I would have preferred to write even this preliminary report after a careful examination of a number of wrecked plants. Though [Page 580] not unfamiliar with cities and villages destroyed by shellfire, incendiarism, and mines, and with individual houses which have been exposed to German vandalism, I have never had the time or opportunity to make a careful examination of mills, mines, or industrial plants which have been the object of systematic spoliation or destruction. It seemed urgent, however, to present the fact that the investigation which you desired is one which must be made by experts, that obtaining the services of these experts will take time, and that when the corps of experts is assembled the investigation itself will take time. I have fortified myself, however, by conversation with the experts of the War Utilities Board Mission, whose technical language I am able to understand, whose recent visit to the despoiled territory has put them in possession of valuable facts, whose descriptions enable me to see to some extent with their eyes, and whose consultations with one another have led to the crystallization of opinions as to the form which the investigation which you have in mind should take. Proper weight will not attach to the opinions expressed herein unless it is borne in mind that they are shared by the gentlemen mentioned.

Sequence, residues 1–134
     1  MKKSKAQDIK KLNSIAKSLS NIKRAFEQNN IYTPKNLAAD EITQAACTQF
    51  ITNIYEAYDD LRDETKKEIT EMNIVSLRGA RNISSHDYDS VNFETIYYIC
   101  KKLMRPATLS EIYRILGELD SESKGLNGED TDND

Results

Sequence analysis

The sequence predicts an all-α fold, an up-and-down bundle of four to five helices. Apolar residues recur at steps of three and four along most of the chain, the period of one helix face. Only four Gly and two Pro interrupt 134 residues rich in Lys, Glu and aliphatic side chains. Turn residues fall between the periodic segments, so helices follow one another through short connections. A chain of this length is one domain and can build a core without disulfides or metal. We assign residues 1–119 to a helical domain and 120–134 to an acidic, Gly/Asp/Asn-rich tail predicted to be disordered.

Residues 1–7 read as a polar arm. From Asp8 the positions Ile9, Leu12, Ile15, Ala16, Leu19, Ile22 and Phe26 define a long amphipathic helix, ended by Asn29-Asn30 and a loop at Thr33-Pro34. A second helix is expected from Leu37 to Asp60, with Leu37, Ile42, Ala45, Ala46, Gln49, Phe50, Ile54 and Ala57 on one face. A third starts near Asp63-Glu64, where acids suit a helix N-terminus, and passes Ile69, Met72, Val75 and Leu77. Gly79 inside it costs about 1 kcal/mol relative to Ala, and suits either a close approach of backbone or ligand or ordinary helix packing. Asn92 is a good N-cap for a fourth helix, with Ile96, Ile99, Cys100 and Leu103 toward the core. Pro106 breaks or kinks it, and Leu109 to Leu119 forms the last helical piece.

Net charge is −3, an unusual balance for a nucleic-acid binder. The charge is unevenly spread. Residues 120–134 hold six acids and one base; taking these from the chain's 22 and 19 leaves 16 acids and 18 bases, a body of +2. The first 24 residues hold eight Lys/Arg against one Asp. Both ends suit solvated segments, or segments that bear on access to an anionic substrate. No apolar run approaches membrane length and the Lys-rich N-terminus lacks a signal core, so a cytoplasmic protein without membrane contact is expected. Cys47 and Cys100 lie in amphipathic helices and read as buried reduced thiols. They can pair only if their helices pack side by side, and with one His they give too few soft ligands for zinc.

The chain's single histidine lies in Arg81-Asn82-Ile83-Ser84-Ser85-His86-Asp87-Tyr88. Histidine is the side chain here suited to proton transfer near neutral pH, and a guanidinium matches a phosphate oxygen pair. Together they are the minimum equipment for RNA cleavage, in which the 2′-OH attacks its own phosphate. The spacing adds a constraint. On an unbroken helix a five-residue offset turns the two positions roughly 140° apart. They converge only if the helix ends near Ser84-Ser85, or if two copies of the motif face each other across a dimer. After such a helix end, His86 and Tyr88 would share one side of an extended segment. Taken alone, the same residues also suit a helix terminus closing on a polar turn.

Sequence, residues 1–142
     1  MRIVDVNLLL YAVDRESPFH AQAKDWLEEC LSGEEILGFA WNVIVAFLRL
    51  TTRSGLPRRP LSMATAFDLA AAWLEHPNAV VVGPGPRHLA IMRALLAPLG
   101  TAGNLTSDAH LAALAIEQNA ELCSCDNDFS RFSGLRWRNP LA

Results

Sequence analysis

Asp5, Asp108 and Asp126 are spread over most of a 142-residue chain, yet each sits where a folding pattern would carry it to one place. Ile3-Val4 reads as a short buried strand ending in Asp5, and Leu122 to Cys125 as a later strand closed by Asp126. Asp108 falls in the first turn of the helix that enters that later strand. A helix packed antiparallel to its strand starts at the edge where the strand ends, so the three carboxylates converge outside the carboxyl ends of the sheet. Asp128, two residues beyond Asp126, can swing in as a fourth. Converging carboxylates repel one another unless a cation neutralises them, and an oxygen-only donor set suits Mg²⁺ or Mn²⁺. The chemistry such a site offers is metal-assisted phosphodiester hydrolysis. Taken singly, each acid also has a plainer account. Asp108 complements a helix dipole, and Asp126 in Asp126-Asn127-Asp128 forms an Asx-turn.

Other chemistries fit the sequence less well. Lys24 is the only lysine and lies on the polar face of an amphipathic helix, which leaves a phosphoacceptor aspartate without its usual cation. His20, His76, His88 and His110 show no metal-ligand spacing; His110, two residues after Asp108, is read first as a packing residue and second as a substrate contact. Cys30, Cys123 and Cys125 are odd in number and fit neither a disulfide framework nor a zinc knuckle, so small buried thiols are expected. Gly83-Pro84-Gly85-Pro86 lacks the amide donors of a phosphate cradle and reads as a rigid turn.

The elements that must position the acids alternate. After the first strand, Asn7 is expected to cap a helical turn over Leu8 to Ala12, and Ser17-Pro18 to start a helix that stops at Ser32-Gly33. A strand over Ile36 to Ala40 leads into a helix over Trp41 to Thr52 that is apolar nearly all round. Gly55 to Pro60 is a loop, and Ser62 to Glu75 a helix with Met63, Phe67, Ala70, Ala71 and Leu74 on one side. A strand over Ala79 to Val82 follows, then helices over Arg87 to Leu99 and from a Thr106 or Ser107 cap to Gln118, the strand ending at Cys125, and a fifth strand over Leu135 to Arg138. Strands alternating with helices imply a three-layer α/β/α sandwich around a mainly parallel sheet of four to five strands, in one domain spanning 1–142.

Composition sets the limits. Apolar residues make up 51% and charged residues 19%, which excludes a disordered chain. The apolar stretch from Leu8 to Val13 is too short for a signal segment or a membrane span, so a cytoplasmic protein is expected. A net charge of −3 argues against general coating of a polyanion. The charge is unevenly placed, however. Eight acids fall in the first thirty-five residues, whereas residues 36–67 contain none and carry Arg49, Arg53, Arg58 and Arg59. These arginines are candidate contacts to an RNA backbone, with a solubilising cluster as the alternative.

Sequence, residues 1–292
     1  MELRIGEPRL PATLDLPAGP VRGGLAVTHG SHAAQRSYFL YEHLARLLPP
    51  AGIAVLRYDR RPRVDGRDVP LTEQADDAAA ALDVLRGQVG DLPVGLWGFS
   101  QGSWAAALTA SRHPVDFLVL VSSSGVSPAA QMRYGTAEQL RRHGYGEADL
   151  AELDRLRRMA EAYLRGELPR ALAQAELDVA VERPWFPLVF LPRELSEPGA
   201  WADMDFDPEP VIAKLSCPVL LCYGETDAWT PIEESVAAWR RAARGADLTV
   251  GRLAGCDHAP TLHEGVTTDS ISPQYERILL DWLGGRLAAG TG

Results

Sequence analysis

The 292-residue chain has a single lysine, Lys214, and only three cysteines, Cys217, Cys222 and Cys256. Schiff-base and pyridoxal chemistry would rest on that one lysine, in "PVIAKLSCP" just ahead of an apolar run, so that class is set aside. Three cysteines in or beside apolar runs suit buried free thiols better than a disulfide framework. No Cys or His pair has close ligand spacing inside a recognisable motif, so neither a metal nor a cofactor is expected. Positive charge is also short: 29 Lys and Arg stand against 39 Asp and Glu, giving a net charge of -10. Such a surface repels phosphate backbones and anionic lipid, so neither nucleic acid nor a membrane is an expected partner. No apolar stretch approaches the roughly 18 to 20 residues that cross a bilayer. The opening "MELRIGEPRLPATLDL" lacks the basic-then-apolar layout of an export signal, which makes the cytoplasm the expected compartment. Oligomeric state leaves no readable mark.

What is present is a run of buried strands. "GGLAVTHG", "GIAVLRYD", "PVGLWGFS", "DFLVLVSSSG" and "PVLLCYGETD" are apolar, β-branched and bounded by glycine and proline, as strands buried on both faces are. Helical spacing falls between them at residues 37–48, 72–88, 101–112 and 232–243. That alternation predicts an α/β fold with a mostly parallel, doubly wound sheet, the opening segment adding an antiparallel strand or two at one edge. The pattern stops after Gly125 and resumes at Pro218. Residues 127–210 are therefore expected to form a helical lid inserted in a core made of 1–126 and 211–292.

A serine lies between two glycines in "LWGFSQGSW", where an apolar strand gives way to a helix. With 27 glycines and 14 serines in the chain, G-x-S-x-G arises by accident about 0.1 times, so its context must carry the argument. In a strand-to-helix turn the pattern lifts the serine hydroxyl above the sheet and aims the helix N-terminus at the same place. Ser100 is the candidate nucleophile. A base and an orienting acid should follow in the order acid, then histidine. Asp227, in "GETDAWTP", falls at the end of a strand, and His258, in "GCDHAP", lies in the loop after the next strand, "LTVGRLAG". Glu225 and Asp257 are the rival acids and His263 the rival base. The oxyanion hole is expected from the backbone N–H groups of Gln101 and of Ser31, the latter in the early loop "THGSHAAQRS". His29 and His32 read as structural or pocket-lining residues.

It is unnecessary to express my entire willingness to proceed with an investigation under any instructions that may be given, but as the original instructions were tentative in character, I have felt at liberty to make recommendations somewhat at variance therewith.
I recommend that if a verification of the claims of Belgium and France against Germany for damage to industries is thought necessary:—
Our investigation be open.
It be made in cooperation with the Belgian and French appraisers, if these governments will consent thereto.
It be made by men obtained in the manner suggested in the latter part of Par. 11 above.
[C. H.] McK[instry]